Safety always comes first when wingshooting.
Few hunts are more entertaining than wingshooting.
Whether you’re after quail or dove, wingshooting provides the opportunity to socialize with colleagues, friends, and family while on a hunt, and can make for a memorable time. More importantly, we want those memories to be happy, not tragic.
Watch this video from Texas Parks and Wildlife. You just might learn a thing or two.
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The single most important factor to consider when wingshooting is that safety always comes first. Wingshooting, perhaps more than any other game hunt, brings with it an element of danger that no other hunt does.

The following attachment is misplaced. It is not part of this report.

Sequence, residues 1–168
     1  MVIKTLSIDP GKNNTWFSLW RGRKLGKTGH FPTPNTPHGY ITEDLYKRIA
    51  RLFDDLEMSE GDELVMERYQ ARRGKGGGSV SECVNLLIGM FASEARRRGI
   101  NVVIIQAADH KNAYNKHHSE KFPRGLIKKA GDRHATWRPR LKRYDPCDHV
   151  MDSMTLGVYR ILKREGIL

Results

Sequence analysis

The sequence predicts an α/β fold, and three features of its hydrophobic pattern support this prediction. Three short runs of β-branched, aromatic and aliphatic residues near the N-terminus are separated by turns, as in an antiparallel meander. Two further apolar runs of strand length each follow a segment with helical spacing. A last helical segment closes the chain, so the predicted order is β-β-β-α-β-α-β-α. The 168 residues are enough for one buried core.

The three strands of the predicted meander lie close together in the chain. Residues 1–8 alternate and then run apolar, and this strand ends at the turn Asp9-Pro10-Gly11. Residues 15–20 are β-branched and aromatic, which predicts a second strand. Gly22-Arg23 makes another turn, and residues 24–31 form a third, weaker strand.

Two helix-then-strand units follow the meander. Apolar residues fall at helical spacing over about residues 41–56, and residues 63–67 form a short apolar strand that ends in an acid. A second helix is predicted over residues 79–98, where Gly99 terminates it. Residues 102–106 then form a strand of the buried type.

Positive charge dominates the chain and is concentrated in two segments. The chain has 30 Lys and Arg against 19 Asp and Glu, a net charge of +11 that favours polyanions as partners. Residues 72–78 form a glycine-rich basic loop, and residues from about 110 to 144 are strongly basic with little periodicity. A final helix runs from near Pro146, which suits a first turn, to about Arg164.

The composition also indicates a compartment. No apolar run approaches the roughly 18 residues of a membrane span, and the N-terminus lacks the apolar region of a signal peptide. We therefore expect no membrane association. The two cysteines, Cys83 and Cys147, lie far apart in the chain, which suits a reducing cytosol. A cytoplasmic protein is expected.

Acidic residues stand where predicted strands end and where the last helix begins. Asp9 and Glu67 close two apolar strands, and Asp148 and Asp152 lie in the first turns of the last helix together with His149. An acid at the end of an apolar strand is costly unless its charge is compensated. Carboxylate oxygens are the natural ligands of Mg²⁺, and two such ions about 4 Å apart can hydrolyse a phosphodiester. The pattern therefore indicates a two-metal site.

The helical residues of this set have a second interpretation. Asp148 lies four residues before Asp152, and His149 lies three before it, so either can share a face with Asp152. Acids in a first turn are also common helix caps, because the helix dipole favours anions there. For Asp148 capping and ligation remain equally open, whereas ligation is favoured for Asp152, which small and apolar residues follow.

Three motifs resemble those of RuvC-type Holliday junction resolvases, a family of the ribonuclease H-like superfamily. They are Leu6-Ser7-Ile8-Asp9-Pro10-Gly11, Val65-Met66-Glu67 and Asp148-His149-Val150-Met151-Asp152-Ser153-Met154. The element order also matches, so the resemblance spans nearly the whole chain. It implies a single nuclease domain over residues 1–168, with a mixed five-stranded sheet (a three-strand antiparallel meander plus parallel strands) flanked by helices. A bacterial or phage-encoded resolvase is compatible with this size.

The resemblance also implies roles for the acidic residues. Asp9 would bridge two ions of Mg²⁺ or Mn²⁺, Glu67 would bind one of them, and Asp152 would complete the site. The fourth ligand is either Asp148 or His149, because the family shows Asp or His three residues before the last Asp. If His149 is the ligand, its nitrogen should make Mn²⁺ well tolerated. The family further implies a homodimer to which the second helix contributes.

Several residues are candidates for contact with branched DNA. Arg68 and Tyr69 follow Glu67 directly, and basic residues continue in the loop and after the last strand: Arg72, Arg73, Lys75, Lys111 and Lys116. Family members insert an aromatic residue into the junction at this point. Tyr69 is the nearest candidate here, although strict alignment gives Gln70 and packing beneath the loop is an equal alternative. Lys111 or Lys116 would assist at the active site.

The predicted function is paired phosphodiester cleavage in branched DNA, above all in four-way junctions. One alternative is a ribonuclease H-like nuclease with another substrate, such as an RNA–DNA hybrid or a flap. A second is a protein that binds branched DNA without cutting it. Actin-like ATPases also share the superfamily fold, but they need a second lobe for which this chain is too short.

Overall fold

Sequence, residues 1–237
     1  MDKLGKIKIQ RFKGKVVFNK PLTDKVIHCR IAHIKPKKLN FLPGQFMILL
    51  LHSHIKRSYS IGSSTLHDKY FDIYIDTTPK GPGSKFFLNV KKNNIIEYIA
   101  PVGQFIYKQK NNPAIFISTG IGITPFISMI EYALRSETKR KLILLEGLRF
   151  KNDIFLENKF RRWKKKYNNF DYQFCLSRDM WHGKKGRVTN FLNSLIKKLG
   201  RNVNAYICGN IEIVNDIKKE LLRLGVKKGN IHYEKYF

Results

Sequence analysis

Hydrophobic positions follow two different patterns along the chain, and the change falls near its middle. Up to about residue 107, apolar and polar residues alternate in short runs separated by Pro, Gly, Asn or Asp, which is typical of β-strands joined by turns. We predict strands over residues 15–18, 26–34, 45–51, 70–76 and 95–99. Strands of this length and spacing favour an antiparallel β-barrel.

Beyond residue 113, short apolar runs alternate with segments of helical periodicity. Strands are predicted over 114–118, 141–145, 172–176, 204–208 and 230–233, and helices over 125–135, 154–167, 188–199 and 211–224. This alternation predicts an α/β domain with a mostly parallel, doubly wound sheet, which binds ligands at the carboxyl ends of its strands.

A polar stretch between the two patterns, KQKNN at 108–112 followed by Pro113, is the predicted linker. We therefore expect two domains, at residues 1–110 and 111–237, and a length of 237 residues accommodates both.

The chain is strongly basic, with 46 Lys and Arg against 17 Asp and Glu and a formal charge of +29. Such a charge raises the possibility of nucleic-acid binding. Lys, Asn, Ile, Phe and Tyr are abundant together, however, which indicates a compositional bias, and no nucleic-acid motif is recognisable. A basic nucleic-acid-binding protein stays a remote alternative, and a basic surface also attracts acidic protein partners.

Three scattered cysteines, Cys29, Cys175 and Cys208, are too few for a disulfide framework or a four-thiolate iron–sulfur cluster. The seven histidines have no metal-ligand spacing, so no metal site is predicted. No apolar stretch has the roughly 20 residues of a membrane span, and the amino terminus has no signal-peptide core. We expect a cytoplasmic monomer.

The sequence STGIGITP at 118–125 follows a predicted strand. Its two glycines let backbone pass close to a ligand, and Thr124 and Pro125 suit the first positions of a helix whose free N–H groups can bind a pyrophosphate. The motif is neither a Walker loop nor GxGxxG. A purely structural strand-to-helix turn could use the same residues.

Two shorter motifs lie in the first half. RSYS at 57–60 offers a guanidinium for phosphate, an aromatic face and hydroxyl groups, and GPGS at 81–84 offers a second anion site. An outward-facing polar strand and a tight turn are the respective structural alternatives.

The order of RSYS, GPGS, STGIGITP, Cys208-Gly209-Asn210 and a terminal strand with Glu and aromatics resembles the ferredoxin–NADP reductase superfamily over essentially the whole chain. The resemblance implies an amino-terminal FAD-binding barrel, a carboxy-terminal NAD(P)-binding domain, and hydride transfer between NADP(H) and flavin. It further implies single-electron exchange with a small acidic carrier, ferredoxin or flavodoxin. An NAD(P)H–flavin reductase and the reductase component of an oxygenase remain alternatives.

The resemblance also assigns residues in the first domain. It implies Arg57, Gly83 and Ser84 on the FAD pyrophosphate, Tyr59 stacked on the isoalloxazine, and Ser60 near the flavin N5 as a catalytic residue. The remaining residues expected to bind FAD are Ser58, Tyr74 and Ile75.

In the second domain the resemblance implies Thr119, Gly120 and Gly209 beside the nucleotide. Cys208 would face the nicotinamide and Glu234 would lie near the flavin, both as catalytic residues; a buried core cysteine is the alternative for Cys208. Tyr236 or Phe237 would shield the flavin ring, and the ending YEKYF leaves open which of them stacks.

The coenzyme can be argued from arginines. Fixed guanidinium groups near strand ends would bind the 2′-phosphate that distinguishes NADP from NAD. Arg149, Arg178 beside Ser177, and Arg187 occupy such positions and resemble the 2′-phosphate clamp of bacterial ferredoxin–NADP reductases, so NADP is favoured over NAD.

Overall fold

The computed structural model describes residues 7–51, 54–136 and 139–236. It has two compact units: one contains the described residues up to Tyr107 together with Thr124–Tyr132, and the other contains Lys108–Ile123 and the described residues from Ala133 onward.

Just think about it: a group of hunters, all armed with loaded shotguns, walking together and just waiting to pull the trigger. Wingshooting requires hunters to be alert, aware, and safe.
There are a few simple things that all hunters can do to minimize accidents while wingshooting.
First, walk side by side with your fellow shooters—do not get in front of anyone else’s line of fire, and don’t let anyone else get in yours.
Second, keep you gun aimed in front of you, and only in front of you. Probably the biggest reason why people get hurt during these hunts is that the shooter swings his shot to one side or another while not recognizing his partner next to him is in the line of fire.
Third, do not rest your finger on the trigger; rather, only touch the trigger of the gun when you are ready to shoot.
Communication is key—talk to one another. Don’t be afraid to let someone know they are outside of their zone or into yours. You just might save a hunter’s life.
What do you do to stay safe while wingshooting? Leave your comments below.